An alternative to eyeglasses can be a game-changer for those with vision problems. Contact lenses provide clear and comfortable vision with added benefits. They come in various types, correcting various vision problems, with 3 common options: disposable, extended-wear, or rigid gas-permeable (RGP) lenses.
Daily disposable lenses are particularly popular because of their convenience and hygienic qualities. But daily contacts aren’t designed to be worn for more than one day.
Discuss your contact options with your optometrist to learn about the best contact styles for your vision needs. They take precise measurements and review your eye health during a fitting to give you advice and information for lenses best suited to your eye needs.
What Are Daily-Wear Contact Lenses?
Many soft contact lenses are intended to be disposed of after a certain amount of time.
Daily contact lenses are intended for single use, worn during the day, and removed and discarded each night before bed. Other soft contact lenses included 2-week or monthly disposable lenses and extended-wear lenses, which can be worn overnight.
How Often Can You Wear Daily Contact Lenses?
Daily contacts are only intended to be worn once, so using them for more than a day is not safe. They’re made of a softer, thinner material than other disposable lenses and aren’t equipped to handle extensive usage. Doing so can cause various issues, such as eye discomfort, infection, hypoxia, and other serious eye conditions.
Increase in Risk of Infection
Wearing daily contacts for more than a day can increase the risk of infection. Bacteria and natural deposits accumulate on the surface of the lenses, which increases your eyes’ vulnerability to infections.
Decreased Oxygen Supply
Contacts restrict the flow of oxygen to the eye, which can cause the cornea to become hypoxic after prolonged use. Hypoxia can lead to swelling and inflammation, which can cause significant eye discomfort and, in severe cases, vision loss. Wearing daily contacts for more than one day increases this risk due to the accumulation of deposits on the lens.
Wearing contacts for prolonged periods can also lead to dry eye disease. With daily-wear, the lens absorbs all your eyes’ moisture, leading to decreased moisture and oxygen available to nourish the eye. Over time, this can lead to irritation, redness, and discomfort.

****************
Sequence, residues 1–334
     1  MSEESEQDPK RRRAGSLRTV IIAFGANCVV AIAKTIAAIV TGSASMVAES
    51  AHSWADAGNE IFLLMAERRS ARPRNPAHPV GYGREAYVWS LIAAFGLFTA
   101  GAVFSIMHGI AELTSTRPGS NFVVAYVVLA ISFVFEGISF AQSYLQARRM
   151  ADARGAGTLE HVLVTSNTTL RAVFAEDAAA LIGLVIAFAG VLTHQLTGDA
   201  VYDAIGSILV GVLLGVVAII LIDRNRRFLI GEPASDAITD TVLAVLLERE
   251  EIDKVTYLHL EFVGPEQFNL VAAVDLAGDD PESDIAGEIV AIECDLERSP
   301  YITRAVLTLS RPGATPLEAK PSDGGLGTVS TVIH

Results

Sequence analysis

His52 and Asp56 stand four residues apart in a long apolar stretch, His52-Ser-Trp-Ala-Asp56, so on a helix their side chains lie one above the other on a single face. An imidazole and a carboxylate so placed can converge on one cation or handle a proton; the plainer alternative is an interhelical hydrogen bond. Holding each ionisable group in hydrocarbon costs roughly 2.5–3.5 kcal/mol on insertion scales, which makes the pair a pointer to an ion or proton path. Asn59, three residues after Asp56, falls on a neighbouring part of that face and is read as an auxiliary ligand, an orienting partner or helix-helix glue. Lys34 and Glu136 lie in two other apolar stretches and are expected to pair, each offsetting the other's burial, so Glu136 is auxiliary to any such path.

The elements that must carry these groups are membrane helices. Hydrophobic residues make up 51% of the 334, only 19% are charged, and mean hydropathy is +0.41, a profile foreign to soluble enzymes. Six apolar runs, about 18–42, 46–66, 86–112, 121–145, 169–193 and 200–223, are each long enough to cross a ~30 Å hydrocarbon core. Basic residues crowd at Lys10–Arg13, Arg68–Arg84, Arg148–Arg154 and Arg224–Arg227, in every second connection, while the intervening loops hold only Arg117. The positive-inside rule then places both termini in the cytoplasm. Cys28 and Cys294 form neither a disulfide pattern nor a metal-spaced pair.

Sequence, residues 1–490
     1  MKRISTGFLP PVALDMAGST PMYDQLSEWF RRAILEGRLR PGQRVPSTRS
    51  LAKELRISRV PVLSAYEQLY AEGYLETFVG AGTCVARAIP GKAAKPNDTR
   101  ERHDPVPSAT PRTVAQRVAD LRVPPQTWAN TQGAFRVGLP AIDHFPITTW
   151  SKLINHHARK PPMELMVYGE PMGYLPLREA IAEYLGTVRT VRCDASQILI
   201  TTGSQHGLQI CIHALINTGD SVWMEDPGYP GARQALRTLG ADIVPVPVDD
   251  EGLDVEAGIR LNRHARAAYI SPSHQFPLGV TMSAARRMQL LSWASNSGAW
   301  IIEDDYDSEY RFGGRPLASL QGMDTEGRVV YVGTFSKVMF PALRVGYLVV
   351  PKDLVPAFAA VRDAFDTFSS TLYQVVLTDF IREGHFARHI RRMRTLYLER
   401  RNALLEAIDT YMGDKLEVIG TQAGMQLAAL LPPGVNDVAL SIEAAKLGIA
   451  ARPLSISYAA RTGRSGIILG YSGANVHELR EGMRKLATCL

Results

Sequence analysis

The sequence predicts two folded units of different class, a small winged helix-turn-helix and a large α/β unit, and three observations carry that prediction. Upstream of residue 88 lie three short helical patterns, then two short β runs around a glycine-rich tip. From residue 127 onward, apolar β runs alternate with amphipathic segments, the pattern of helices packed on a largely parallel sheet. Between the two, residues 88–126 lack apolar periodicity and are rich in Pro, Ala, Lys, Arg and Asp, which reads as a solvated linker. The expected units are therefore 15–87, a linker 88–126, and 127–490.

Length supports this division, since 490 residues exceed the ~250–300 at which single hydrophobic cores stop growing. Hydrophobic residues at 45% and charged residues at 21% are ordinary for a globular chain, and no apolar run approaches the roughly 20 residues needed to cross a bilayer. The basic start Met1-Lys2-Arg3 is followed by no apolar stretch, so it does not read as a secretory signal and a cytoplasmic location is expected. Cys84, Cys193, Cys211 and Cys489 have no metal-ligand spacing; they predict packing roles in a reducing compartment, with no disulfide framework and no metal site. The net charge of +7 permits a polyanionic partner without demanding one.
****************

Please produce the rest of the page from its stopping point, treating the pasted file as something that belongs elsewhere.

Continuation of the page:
Decreased Lens Comfort
If daily contact lenses are used for an extended period, they accumulate dirt, debris, and bacteria, compromising the lenses’ integrity and leading to eye discomfort and eye infections.
Daily contact lenses aren’t designed to withstand multiple days and are more prone to wearing out, leading to this discomfort.
Can You Sleep in Daily Contact Lenses?
It’s not safe to sleep in daily contact lenses. They aren’t designed for continuous use, and taking chances with them can dramatically increase risks to your eye health. The best thing to do is to remove and discard them at the end of the day.
Alternatives to Daily Contact Lenses
If you’re not satisfied with daily contact lenses, there are other options you can discuss with your optometrist.
Extended-Wear Contact Lenses
Extended-wear contacts are designed for continuous use over an extended period. These lenses can typically be worn continuously for up to 6 nights and 7 days. Some brands, such as AIR OPTIX NIGHT & DAY AQUA, have been approved by the FDA for up to 30 days and nights of continuous wear.
These lenses are made thinner than daily-wear soft lenses or are crafted from advanced materials like silicone hydrogel. This allows for high oxygen transmission, contributing to their comfort and safety for extended use. However, overnight wear should only be undertaken with a doctor’s approval.
While these lenses offer convenience and flexibility, there are pros and cons to their use. They allow for long-term use during the day and night, but their use should be monitored by a contact lens expert. The duration one can wear them depends on individual eye behaviour.
Replacement Contact Lenses
Replacement schedule lenses are similar to an extended-wear lens and last for more than a single use. But unlike extended-wear lenses, you need to remove them every night and clean and store them in a proper cleansing solution.
These lenses range from 2-week to 30-day schedules. But your overall health factors into the schedule you can keep like other contact lenses.
Discuss Contact Lens Options with Your Optometrist in Ottawa
You won’t suddenly lose your vision if you happen to take a nap in your daily contact lenses. But sleeping in them or wearing them for multiple days is not advisable to maintain good eye health. It’s important to follow all manufacturer and optometrist’s directions when wearing contact lenses to minimize your risk of complications.
Call us at Downtown Eye Care & The Contact Lens Department if you still have questions or want to discuss your contact lens options with the optometrist.